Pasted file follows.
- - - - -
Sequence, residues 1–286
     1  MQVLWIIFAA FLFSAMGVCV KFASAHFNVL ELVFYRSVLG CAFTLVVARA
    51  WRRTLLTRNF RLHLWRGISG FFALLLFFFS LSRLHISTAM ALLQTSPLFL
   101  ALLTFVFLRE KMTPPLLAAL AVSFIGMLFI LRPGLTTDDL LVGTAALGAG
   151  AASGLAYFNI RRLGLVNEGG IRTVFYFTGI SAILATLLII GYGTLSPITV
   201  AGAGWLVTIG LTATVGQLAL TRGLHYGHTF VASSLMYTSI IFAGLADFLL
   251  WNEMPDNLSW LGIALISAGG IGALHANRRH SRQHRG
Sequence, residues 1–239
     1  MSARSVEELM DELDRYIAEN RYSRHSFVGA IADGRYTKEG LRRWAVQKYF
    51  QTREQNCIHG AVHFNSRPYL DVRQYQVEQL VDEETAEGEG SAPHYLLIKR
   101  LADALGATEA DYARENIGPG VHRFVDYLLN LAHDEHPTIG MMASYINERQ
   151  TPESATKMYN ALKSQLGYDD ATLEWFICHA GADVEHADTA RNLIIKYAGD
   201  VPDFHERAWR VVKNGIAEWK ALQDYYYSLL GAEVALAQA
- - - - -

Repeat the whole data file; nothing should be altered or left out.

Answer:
Sequence, residues 1–286
     1  MQVLWIIFAA FLFSAMGVCV KFASAHFNVL ELVFYRSVLG CAFTLVVARA
    51  WRRTLLTRNF RLHLWRGISG FFALLLFFFS LSRLHISTAM ALLQTSPLFL
   101  ALLTFVFLRE KMTPPLLAAL AVSFIGMLFI LRPGLTTDDL LVGTAALGAG
   151  AASGLAYFNI RRLGLVNEGG IRTVFYFTGI SAILATLLII GYGTLSPITV
   201  AGAGWLVTIG LTATVGQLAL TRGLHYGHTF VASSLMYTSI IFAGLADFLL
   251  WNEMPDNLSW LGIALISAGG IGALHANRRH SRQHRG
Sequence, residues 1–239
     1  MSARSVEELM DELDRYIAEN RYSRHSFVGA IADGRYTKEG LRRWAVQKYF
    51  QTREQNCIHG AVHFNSRPYL DVRQYQVEQL VDEETAEGEG SAPHYLLIKR
   101  LADALGATEA DYARENIGPG VHRFVDYLLN LAHDEHPTIG MMASYINERQ
   151  TPESATKMYN ALKSQLGYDD ATLEWFICHA GADVEHADTA RNLIIKYAGD
   201  VPDFHERAWR VVKNGIAEWK ALQDYYYSLL GAEVALAQA